WASHINGTON - Public Securities Association President Heather Ruth is being considered for the position of Treasury undersecretary for finance, as well as for other high-level posts in the Clinton administration, industry officials say.

If named to the Treasury post, Ruth, who has headed the PSA since 1983, would replace Jerome H. Powell. He was named Treasury undersecretary for finance in May after having been the department's assistant secretary for domestic finance since 1990. Ruth could not be reached for comment on Friday.

Clinton transition team officials did not return phone calls. But industry officials said she had met with the transition team. "She's definitely under consideration," said one prominent member of the bond community who did not want to be identified. Ruth, he said, is well-respected within the bond industry. Another industry official said that Ruth has a broad knowledge of the public securities industry and is highly respected by her colleagues. As undersecretary for finance, Powell led the Treasury's efforts to improve regulation of the government securities market in the wake of the Salomon Brothers Inc. bidding scandal. He also has played a major role in the department's efforts to help modernize the nation's banking system.

Before joining the PSA, Ruth was executive director of the Municipal Assistance Corporation for the City of New York and was a senior officer of Princeton-based Mathematica Policy Research. She holds a master's degree in public affairs from the Woodrow Wilson School at Princeton University and has headed her own economic consulting firm. Ruth is also a member of the board of the New York State Financial Control Board, which monitors New York City's budget.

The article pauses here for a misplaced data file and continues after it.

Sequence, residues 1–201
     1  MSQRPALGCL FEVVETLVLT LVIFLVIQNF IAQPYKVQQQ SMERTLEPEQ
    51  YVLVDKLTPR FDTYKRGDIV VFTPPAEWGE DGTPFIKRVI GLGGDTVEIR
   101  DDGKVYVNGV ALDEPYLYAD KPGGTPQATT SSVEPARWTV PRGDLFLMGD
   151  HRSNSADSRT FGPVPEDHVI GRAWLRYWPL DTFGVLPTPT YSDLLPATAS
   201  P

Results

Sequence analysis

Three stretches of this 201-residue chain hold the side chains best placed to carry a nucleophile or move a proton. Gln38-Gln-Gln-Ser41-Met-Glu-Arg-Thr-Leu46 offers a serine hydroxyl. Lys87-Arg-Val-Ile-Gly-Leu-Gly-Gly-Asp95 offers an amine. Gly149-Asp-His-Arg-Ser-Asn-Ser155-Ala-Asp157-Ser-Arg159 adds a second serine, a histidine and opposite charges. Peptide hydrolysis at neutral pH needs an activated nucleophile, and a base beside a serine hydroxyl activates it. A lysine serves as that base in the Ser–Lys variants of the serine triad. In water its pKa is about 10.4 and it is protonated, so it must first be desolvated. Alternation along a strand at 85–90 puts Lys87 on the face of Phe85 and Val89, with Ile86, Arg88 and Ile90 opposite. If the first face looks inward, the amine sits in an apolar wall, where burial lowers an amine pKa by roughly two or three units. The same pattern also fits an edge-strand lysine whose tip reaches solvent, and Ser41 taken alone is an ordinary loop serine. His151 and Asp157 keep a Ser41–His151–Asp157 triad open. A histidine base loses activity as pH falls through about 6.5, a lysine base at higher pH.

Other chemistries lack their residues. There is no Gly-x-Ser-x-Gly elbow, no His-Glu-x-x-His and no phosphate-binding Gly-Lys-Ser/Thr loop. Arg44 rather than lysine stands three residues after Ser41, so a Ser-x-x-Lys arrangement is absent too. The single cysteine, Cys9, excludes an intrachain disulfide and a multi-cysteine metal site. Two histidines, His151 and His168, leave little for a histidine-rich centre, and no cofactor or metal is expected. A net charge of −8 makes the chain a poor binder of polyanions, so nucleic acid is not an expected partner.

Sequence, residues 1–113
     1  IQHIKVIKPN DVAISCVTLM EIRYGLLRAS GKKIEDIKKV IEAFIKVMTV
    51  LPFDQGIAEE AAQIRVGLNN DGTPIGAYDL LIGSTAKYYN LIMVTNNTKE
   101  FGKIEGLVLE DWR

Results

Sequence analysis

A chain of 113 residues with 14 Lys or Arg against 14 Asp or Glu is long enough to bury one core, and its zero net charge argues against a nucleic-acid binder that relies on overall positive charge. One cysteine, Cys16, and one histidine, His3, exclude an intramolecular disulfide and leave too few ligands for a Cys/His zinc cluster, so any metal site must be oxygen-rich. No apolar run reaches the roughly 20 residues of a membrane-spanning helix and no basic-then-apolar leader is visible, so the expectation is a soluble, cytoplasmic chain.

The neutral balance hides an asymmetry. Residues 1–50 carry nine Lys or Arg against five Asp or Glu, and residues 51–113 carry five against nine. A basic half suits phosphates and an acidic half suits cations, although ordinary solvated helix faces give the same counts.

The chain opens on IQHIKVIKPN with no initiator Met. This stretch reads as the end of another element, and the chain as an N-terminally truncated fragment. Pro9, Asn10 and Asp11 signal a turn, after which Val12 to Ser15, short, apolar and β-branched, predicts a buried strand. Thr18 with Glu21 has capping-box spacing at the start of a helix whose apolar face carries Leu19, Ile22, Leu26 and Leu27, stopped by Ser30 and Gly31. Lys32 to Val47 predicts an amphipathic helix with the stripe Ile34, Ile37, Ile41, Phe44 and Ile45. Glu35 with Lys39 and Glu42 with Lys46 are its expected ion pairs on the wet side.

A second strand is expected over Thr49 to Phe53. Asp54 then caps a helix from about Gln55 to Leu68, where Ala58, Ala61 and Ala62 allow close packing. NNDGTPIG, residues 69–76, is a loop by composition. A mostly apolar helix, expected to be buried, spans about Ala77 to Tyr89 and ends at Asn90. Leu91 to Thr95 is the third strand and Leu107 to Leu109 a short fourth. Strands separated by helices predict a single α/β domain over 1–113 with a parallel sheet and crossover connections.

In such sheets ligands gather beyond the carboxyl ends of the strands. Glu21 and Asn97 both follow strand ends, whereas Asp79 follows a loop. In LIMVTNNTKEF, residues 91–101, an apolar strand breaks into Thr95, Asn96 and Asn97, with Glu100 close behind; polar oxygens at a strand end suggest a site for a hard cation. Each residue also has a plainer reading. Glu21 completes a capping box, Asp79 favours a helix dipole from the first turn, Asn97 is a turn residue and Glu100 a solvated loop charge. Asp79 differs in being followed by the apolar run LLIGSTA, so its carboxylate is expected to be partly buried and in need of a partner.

The Treasury undersecretary for finance is responsible for the department's office of domestic finance, which oversees Treasury borrowings. It also oversees economic policy and the fiscal assistant secretary's office, which disburses checks and has other federal government finance responsibilities.

The agency's two undersecretaries, including the undersecretary for international affairs, report to the deputy secretary. Recently named to that post was Roger Altman, vice chairman of the Blackstone Group in New York and former assistant Treasury secretary during the Carter administration.

Ruth is one of several women being eyed for top-level positions affecting public finance in the incoming administration.

Consuela Washington, a top aide to Rep. John Dingell, D-Mich., is being looked at as a potential replacement for outgoing Securities sand Exchange Commission Chairman Richard Breeden, Washington sources say. Also being considered for Breeden's job is Securities and Exchange Commissioner Mary Schapiro, a former futures industry official.

Playing a key role in the SEC's transition to the new administration is Aida Alvarez, vice president for public finance at First Boston Corp. in San Francisco since 1988. Alvarez was a vice president of public finance for Bear, Stearns & Co. in New York from 1985 to 1988, and vice president of public affairs Is for the New York City Health & Hospitals Corp. from 1984 to 1985.

Before joining the Treasury, Powell a senior vice president with Dillon, Read & Co., where he focused on mergers and acquisitions, financings, and merchant banking. Prior to that, Powell was an attorney with the firm of Davis Polk & Wardwell in New York.

The PSA's 300 members are banks, dealers, and brokers that underwrite, trade, and sell municipal bonds, mortgage-backed securities, money market instruments, and U.S. government and federal agency securities.

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